In her crackling, honest memoir There Are No Grown-Ups, Pamela Druckerman (Bringing Up Bebé) navigates life, friendship, marriage and parenthood in her 40s while living in Paris and trying to remain (somewhat) sane. We asked Druckerman a few questions about the French approach to aging and coming to terms with the unsettling realization that when it comes down to it, no one really knows what they’re doing.
What’s the most impressively adult thing you’ve done lately (besides, of course, writing a book!)—something a younger you would never imagine yourself being capable of?
Earlier this month I gave a speech to American college students who were studying abroad in Paris. I explained how studying abroad changed my life, and I offered some advice. The “adultness” of this was partly structural, since I was more than twice their age. But it also came from the fact that I was extracting lessons—and even a few morsels of actual wisdom—from my own experiences. These were insights that I didn’t have when I was younger. It had taken years for them to crystallize.
Maybe it’s true what the German philosopher Arthur Schopenhauer said: “The first 40 years provide the text, the next 30 provide the commentary.” By your 40s, you have a critical mass of experience, and the distance to look at the same things you’ve seen many times before, but see them differently.
Looking back, what advice do you wish you’d heeded in your 20s? Do you even think it would have been possible, or, as they say, is youth wasted on the young?
I wish I’d been more ruthless in my assessments of other people. I should have spent less time fretting about what others thought of me, and more time deciding what I thought of them. One of the joys of the 40s is that your neuroticism—your obsession with yourself and your own issues—declines. You can look at other people more clearly, and spot narcissists before they ruin your life. And if you don’t want to talk to someone, you don’t talk to them. I also wish I’d realized that practically no one in my peer group would partner up or start having kids before their 30s. I panicked when I wasn't married by 27—the age when my mother got married. I thought I was way behind schedule, and that I wouldn’t catch up. I didn’t realize that the schedule had changed. I really should have Googled it.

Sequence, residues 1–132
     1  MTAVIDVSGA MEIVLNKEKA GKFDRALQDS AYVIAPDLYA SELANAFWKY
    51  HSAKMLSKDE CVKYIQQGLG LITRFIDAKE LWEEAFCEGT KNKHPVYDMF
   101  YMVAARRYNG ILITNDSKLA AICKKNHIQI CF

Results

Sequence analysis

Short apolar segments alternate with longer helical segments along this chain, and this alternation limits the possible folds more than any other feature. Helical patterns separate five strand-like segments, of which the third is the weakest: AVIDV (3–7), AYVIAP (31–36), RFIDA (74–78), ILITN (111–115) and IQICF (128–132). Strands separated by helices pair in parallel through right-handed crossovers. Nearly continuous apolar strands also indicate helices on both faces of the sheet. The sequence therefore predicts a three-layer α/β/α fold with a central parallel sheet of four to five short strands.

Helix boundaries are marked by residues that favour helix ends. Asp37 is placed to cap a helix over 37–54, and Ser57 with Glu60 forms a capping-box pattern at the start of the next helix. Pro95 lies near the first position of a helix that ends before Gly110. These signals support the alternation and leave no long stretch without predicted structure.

What’s the most surprising thing about being your 40s?
I’m surprised that I actually look like I’m in my 40s. Looking young had always been my superpower. Into my 30s, bartenders asked me for ID. I thought my body wouldn’t know how to look middle-aged, or that I’d have to give it explicit permission. But then people started calling me “madame” instead of “mademoiselle.” And elderly men started to flirt with me. Even more surprising was realizing that I’d changed on the inside, too. I had actually managed to learn and grow a bit.
How do you think French and American women view aging differently?
The American ideal is to look as young as you can for as long as you can (I had definitely striven for this). Nobody minds looking young in France, either. But the more realistic ideal is to look like the best version of the age that you’re in. (“Trying to look young is the quickest way to look old,” an older French model says.)
There’s a different sexual narrative for women, too. In America, the 40s can seem like a woman’s last viable years before she plunges into the sexual abyss, never to be heard from again. When I turned 45, a friend asked me, “Do you feel like you have five years left before no one wants to sleep with you anymore?”
The American statistics are pretty grim. A third of American women in their 50s haven’t had sex in the past year, and nearly half of women in their 60s haven’t. The 70s are practically celibate. (Men fare much better at all ages.)
I thought this decline was sad but inevitable. But then I saw that the French have a different story. Most people here also believe that younger women are sexier, and French women do have less sex as they get older. But it’s a gentle slope, not an abyss. I see couples in their 60s perusing lingerie racks together, and there are plum movie roles for older women. I interviewed older Frenchwomen for the book and heard some amazing stories. It turns out that what I thought was biologically inevitable was actually culturally determined. Knowing this feels liberating.